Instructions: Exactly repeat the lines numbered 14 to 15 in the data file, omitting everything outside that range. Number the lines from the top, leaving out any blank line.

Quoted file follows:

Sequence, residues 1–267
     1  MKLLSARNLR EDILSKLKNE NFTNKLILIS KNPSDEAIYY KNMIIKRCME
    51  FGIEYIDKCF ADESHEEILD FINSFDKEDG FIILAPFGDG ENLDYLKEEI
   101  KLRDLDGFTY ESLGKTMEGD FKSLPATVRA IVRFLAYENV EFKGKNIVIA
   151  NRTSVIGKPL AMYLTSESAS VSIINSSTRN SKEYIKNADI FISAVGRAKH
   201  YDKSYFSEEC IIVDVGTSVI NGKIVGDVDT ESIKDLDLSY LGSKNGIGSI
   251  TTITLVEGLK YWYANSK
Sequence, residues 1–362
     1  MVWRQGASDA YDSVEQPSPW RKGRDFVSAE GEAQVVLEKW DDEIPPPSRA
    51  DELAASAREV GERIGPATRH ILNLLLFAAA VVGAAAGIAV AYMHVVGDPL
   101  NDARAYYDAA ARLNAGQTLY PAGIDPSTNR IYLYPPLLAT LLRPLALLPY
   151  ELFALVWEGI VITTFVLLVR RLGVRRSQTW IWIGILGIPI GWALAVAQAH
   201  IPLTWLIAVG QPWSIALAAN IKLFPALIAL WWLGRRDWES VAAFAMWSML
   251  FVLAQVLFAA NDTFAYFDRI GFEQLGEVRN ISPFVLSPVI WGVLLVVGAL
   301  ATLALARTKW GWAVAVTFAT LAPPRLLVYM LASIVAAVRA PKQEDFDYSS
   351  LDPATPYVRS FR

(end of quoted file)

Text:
   251  FVLAQVLFAA NDTFAYFDRI GFEQLGEVRN ISPFVLSPVI WGVLLVVGAL
   301  ATLALARTKW GWAVAVTFAT LAPPRLLVYM LASIVAAVRA PKQEDFDYSS